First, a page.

These cookies are one of Greg’s favorites — because he loves anything baked with walnuts. Light and fluffy with a hint of nutmeg, they really almost melt in your mouth. This recipe is surprisingly easy  (you may never buy cookies again), but you do need a food processor. Makes about 2 dozen cookies.

cookies_walnut_ crescents

Ingredients:

  1. 1 C. all purpose flour
  2. 3/4 C. (3 oz.) walnuts
  3. 1/2 C. chilled unsalted butter cut into pieces
  4. 1/4 C. granulated sugar
  5. 1 tsp. vanilla
  6. 1/2 tsp ground nutmeg
  7. pinch of salt
  8. Confectioners’ sugar for dusting

Directions:

  • Preheat over to 325 degrees
  • In a food processor, combine first 7 ingredients (everything but the confectioners sugar) and pulse until the mixture becomes a coarse meal.  Then process continually until the dough begins to gather together
  • Pinch off about 2 tsp. of dough and roll between your palms to form a rope of about 2.5 inches long, slightly tapering at both end. Place the cookie in a crescent shape on an ungreased baking sheet. Repeat with the rest of the dough, spacing the cookies about 1″ apart
  • Bake until just firm to touch, about 20 minutes.  Let cool for about 5 minutes on the pan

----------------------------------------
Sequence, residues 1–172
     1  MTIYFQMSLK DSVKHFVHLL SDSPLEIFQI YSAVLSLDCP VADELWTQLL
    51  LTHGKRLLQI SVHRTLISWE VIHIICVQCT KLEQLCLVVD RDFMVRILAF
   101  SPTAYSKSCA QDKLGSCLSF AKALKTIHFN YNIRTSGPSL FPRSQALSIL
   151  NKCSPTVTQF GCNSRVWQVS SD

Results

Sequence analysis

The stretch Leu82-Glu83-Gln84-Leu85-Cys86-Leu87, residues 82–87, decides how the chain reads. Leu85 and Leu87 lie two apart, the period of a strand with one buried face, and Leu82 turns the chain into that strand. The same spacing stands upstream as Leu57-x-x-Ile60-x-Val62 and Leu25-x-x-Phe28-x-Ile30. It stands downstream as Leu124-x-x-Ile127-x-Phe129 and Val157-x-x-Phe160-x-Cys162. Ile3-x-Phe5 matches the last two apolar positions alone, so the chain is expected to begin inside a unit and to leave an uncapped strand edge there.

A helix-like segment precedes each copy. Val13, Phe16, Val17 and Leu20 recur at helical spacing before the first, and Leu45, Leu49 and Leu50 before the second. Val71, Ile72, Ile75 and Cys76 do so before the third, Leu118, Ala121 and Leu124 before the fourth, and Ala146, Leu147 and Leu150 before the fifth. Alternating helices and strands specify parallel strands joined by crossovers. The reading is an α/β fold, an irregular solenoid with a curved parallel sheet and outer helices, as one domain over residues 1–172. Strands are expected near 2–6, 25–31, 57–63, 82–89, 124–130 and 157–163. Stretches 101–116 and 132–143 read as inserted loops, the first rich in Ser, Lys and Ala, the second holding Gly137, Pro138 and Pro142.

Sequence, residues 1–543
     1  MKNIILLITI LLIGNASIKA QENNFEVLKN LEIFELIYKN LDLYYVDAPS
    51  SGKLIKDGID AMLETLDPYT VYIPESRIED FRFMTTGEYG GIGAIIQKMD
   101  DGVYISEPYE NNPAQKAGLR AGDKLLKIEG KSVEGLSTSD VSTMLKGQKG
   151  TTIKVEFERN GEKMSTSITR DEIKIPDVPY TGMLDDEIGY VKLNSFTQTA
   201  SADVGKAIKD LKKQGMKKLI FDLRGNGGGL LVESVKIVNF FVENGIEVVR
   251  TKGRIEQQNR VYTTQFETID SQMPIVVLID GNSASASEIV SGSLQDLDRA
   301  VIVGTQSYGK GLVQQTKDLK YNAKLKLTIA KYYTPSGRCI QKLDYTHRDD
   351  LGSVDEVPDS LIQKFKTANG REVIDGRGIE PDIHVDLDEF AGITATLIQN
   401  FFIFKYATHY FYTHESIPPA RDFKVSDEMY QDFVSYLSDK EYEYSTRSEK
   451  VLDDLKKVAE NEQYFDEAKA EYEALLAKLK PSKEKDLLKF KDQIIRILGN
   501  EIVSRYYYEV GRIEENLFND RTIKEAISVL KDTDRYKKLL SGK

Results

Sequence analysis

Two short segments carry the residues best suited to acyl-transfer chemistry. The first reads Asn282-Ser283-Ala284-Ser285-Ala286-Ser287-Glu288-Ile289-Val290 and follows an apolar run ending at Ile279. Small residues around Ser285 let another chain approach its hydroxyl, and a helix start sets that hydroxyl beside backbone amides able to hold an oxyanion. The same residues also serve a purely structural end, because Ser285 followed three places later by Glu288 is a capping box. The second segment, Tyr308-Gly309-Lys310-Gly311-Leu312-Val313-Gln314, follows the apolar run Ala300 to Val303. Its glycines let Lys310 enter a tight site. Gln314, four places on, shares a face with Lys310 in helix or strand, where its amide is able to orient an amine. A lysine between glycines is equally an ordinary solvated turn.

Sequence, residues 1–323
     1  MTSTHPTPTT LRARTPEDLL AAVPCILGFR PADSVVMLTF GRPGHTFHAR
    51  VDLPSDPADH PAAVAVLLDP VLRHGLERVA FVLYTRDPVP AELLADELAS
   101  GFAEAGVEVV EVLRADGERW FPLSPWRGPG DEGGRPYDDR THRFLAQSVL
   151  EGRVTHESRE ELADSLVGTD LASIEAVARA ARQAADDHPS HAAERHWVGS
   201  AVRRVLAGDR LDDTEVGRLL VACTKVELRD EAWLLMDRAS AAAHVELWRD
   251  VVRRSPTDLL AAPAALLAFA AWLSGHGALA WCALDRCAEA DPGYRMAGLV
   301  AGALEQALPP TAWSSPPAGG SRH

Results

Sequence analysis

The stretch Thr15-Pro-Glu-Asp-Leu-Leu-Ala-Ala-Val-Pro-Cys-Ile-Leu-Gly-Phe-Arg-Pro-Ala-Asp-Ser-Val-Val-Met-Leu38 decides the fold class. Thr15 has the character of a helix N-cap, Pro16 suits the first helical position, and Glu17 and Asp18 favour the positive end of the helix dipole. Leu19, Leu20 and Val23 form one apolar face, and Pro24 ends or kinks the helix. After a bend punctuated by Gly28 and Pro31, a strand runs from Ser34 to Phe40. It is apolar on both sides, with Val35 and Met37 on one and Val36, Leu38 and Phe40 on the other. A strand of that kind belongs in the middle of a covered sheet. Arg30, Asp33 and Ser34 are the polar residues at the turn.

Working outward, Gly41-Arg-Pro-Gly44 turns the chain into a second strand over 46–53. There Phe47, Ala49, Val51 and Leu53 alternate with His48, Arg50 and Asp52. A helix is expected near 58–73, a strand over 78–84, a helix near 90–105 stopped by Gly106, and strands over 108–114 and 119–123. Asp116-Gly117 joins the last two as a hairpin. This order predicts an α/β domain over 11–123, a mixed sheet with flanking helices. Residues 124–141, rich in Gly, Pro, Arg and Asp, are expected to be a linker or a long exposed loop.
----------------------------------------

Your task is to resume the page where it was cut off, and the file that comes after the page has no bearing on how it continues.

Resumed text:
• Transfer to a cooling rack until they cool completely
  • Using a sieve, lightly dust the cookies with confectioners sugar. Store at room temp for up to 5 days.

Lessons Learned/Advice:

  • I often cut the butter into cubes on a small cutting board, then place the whole board in the fridge to keep it cold.  I’ll even do it a few hours before I’m baking.  This one step seems to make it all go smoother when I’m ready to bake.
  • When rolling cookies in your hands, it helps to keep them cool so the dough doesn’t get too warm and stick to your hands.  Having a bowl of cold (even icy) water near by helps: rinse, dry and go back to rolling.  Repeat.

Credit:

With apologies to the author, a photo copy of this recipe lives in my “binder” of most loved recipes but the source is not noted. So I don’t know which cookbook author to give credit to.  If it’s yours, let me know. But I think it came from a cookbook that I still own, so when I find it, I’ll add the credit.

Advertisements